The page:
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Volcano Lab

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  • Volcano Lab

    I am putting together a new lab on volcanic landforms which uses worldwind extenisively. First lab where I will having them taking quantiatiative measerments with the program. If anybody has a an add-on that will give the slope between two points I could definitely use it for this lab.
    To check it out go to
    I will edit it a bit after students test it in my class this week.
    To put the lab into context for my curriculum, we have just finished a lecture on types of eruptions and commen volcanic features. The students also are making a powerpoint presentation on a volcano of there choice for the end of the year (which is refered to in the lab).

    Any comments or ideas will be welcome

    Steve Wood
    Dept. of Science
    The Athenian School

  • #2
    Do you need it right away? I don't think it would be hard to copy the measure tool and make it calculate slope, but I make no guarantees.


    • #3
      I like to calculate the slope for my bike rides. I use the multi point measure tool and just do slope = rise / run. Is doing one floating point division all that difficult? I'd think it would mean more to the students if they actually had to calculate the slope after determining the total distance and the differences in altitude. Just my opinion. Then again, I'm lazy so a nice slope measuring tool sure would be handy...


      • #4
        Here's a temporary, hacked up measuretool plugin that does slope.

        It will make a duplicate of the built-in measuretool called "Measure Tool (slope)" that reports slope in degrees with uphill from the start point being positive.

        Keep in mind that the "m" key will activate/deactivate both measure tools, so you should use the layer manager to turn them on and off when you have this plugin loaded.

        There is some significant lag in updating the line occasionally that I think may be related to the way the elevation is retrieved, but I'm not really sure. It does seem to work more smoothly when you are zoomed in closer though.

        I think the elevation is interpolated from whatever level of elevation data is currently loaded, so the closer you zoom in (and thus the more detailed the loaded elevation data is), the more accurate the slope calculation will be.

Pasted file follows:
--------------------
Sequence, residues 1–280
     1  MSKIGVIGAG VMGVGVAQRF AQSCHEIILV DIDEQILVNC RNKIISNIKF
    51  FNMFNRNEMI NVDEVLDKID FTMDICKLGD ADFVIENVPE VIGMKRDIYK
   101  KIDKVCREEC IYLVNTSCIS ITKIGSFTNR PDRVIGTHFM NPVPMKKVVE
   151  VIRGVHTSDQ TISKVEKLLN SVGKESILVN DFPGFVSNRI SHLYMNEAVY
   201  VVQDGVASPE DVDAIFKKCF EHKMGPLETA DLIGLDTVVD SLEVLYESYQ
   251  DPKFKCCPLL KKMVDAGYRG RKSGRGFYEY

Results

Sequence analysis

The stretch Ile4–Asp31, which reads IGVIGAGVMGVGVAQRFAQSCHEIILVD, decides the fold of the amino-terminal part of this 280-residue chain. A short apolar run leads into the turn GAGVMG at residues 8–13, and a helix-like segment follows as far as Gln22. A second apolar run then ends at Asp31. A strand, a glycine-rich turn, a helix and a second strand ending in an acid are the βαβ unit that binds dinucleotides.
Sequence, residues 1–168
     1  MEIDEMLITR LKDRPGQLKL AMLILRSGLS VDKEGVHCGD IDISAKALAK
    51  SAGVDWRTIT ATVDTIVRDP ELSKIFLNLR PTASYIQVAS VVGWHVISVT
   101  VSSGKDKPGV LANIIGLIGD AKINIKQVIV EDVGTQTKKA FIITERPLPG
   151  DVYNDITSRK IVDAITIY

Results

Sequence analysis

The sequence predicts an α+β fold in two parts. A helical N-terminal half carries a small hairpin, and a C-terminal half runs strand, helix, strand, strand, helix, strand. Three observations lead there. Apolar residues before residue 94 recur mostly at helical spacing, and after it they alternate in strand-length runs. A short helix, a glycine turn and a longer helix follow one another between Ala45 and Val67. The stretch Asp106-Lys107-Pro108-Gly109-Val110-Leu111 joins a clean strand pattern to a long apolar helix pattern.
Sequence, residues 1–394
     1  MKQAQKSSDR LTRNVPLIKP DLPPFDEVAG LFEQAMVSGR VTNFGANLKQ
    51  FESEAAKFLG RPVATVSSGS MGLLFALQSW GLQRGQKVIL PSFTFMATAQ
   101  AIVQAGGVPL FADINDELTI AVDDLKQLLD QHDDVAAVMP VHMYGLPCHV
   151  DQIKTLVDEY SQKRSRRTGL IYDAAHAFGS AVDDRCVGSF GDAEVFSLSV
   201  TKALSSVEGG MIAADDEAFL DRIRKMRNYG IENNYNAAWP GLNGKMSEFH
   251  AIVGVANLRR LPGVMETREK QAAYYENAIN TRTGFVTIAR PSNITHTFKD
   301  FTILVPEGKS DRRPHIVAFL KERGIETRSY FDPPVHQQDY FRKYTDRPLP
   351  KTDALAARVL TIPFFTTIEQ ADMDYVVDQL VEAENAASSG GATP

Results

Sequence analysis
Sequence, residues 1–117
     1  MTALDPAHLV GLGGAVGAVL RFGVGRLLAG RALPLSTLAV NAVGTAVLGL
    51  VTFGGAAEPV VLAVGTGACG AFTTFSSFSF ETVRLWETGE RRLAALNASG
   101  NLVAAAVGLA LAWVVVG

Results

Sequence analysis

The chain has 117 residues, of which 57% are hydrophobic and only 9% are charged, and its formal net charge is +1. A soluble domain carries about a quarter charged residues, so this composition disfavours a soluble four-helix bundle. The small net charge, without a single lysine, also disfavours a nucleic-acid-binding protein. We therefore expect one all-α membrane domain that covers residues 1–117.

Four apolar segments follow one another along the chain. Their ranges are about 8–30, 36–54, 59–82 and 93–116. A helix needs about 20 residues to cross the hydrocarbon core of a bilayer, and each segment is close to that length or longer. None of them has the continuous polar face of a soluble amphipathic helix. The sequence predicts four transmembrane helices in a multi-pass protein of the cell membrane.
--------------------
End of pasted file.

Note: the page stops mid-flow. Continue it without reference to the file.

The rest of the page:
It also won't be accurate at scales where the curvature of the earth is significant relative to the difference in elevations; though figuring out what scale that might be and exactly how inaccurate is left as an exercise to the reader.

        edit: I fixed a trig error, so if you downloaded it before the edited timestamp on this post then you should re-download the correct version.
        Last edited by withak; 11-29-2006, 05:45 AM.


        • #5
          thanks for the slope tool. I may not be able to get it on the school's computers before we start the lab today but it5 is proabily benificial for the students to do some slope calculating the old fashion way. I will probably use it on a lab on mass wasting I plan to do in the future.
          I will post an update on how it goes in class tonight.


          • #6
            I ran the lab with my class at the end of this week. It went pretty well. The student had some problems getting the idea of calculating slope and using the difference between two heights to get the elevation of an object, but once they got the hang of it things went pretty smoothly. I am rewriting the first page of the lab to create a clearer tutorial on how to do this.
            The case study part of the lab took a bit longer than I expected and the second part was a bit shorter, I am going to make some minor modification to these to even them out a bit. It took about 80-100 minutes for most of my students to get through part one and 30-60 minutes for part 2,


            • #7
              My students have run through the lab and it went pretty well. I made some changes to the first page to make the explanation on how tro find slopes and thickness a little more clear (I hope). I also finaly got around to putting links on the lat-lon positioins of all the volcanoes so World wind will automatical focus on them. This shopuld spped up the lab a little as my main issue right now is that it just takes longer than I want it to.

              For Withak and someone else- what is the code you use to change altitude along with lat and lon. To make WW move to the different volcanoes I just borrowed code from a hot spot location post and it had cordinates but not elevation, what would one of these witrh a specific altitude look like?

              I am probably done with this lab for now and am marching on to a lab on the hawain volcanos, trying to get it done ASAP. Still though if anybody has can commenbts critisms, suggestions or corrections for the lab, tell me or post them here.


              Steve Wood
              Dept. of Science
              The Athenian School


              • #8
                You mean in urls? Just add "&alt=whatever".



                • #9
                  yep. Thats what I need


                  • #10
                    I'm planning a Volcano Slope Lab (analysis of the North slope of Mauna Loa). My students have to contact Hawaiian Volcano Observatory workers and prepare a short interview with their custom dissertation writing service experts before the lab.

                    Laboratory #9: Volcanism and Volcanic Landforms.

                    Useful links: